After din-dins, if I can keep my eyes open that long, I think I'll run off my Cosi Fan Tutte DVD. Now Mozart could bring out the dramatic possibilities of an opera, both the sublime and the ridiculous (in this case often at the same time). And I am firmly of the opinion that this particular work contains some of the most divine ensemble singing in all of classical music.

The bonus of having the Missus out of the way is that I can sing along with Don Alfonso unaudited and uninterrupted.

Posted by Robert at 05:33 PM | Comments (4) | TrackBack

Changes in Attitudes, Changes in Lattitudes

Kelly's Green has a new look for spring, even if "spring" is an optomistic concept in her new digs in northern New Hampshire.

Posted by Steve-O at 03:37 PM | Comments (0) | TrackBack

Gratuitous Musickal Posting (TM)


I recently checked out Handel's 1724 opera Tamerlano from Netflix.

I'm really not much of a fan of opera seria and in its Baroque manifestation it can be a hard trudge. Here, for instance, one has to wait until half way through Act Three before there is any ensemble singing whatever. The bulk of the music is made up of long, long arais connected by recitative. It is a form not naturally sympathetic to either drama or action and one that I confess to find rayther tarsome after a while.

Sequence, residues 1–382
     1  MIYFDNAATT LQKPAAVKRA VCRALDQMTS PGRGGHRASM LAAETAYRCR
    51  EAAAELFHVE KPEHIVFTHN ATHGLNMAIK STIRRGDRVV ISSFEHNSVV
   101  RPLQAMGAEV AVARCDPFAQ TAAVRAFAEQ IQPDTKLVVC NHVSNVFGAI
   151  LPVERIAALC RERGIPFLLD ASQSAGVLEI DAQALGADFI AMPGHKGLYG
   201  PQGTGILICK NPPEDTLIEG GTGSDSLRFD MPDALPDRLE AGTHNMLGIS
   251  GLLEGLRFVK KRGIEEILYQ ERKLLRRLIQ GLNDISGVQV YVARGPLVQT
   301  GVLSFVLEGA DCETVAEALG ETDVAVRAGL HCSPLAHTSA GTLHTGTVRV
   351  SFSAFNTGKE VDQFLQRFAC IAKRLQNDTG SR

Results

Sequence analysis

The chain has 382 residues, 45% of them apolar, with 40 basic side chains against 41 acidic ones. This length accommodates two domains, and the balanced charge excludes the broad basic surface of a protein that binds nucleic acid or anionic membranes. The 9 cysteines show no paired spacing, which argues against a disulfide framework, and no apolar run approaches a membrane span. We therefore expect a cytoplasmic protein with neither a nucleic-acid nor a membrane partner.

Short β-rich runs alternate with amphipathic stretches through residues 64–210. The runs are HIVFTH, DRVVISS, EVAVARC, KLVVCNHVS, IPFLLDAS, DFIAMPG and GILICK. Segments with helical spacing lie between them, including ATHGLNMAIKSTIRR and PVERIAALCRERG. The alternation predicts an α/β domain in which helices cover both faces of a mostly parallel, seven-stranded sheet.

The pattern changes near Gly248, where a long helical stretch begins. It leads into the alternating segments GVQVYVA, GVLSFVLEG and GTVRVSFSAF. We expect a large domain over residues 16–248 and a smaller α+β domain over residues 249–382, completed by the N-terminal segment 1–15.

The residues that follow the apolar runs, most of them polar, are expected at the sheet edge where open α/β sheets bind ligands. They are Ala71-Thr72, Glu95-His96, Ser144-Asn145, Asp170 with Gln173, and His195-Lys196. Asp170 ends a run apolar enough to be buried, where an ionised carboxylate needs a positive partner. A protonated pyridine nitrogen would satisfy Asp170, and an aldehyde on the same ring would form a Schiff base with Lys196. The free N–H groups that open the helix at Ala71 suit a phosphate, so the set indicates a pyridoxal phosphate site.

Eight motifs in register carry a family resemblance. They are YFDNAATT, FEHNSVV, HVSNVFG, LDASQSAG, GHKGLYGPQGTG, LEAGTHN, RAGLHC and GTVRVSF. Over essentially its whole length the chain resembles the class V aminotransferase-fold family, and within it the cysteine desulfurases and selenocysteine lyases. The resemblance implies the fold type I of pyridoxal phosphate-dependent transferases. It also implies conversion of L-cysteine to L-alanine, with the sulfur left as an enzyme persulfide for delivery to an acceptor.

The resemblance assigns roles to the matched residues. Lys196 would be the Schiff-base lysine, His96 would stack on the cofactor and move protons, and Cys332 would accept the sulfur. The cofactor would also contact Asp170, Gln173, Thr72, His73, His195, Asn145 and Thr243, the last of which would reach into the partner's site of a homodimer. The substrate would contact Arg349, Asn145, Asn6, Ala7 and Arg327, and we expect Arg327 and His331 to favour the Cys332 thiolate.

But nonetheless, I found this a very entertaining performance. For one thing, the conductor was Trevor Pinnock, meaning that the orchestral performace was absolutely superb. Pinnock and Handel together forgives an awful lot of minor flaws. For another, the costumes were absolutely wonderful and the sets- nothing more than a couple of brushed gold backdrops - showed what can really be done by way of simple elegance.

I know little about any of the cast involved. The mezzo Monica Bacelli in the title role hardly projected a look of Tartar savagery, instead bearing an eerie resemblence to Katherine Jefforts-Schorri. Also, her voice didn't seem to project well. On the other hand, both tenor Tom Randle as Bajadet, the captured Ottoman sultan and counter-tenor Graham Pushee as Andronico were quite solid. Anna Bonitatibus as Irene had a trick of pursing her lips in a funny way while inhaling nasally that got on my nerves after a while. And I deeply suspect that Elizabeth Norberg-Schulz as Asteria, daughter of Bajadet, doesn't make a regular habit of the Baroque, as her voice was way too warbly IMHO. Baroque vocal music is crystal clear at some times, heavily ornamented at others, and when one can't tell the difference between the singer's vibrato and her grace notes, there's a problem.